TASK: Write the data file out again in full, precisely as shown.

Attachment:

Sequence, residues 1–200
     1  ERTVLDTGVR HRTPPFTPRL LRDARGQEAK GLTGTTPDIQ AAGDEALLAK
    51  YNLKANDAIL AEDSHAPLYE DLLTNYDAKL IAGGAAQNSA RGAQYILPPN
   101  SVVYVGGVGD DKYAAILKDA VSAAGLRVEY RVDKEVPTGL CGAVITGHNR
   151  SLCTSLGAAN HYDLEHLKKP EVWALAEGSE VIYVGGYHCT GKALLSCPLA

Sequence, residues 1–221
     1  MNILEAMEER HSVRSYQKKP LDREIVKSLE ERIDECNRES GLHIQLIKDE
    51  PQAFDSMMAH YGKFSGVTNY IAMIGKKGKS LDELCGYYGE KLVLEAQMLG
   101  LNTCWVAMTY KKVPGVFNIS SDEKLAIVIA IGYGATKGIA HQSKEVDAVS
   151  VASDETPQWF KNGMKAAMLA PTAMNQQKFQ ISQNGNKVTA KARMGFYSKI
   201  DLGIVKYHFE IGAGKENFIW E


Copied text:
Sequence, residues 1–200
     1  ERTVLDTGVR HRTPPFTPRL LRDARGQEAK GLTGTTPDIQ AAGDEALLAK
    51  YNLKANDAIL AEDSHAPLYE DLLTNYDAKL IAGGAAQNSA RGAQYILPPN
   101  SVVYVGGVGD DKYAAILKDA VSAAGLRVEY RVDKEVPTGL CGAVITGHNR
   151  SLCTSLGAAN HYDLEHLKKP EVWALAEGSE VIYVGGYHCT GKALLSCPLA

Sequence, residues 1–221
     1  MNILEAMEER HSVRSYQKKP LDREIVKSLE ERIDECNRES GLHIQLIKDE
    51  PQAFDSMMAH YGKFSGVTNY IAMIGKKGKS LDELCGYYGE KLVLEAQMLG
   101  LNTCWVAMTY KKVPGVFNIS SDEKLAIVIA IGYGATKGIA HQSKEVDAVS
   151  VASDETPQWF KNGMKAAMLA PTAMNQQKFQ ISQNGNKVTA KARMGFYSKI
   201  DLGIVKYHFE IGAGKENFIW E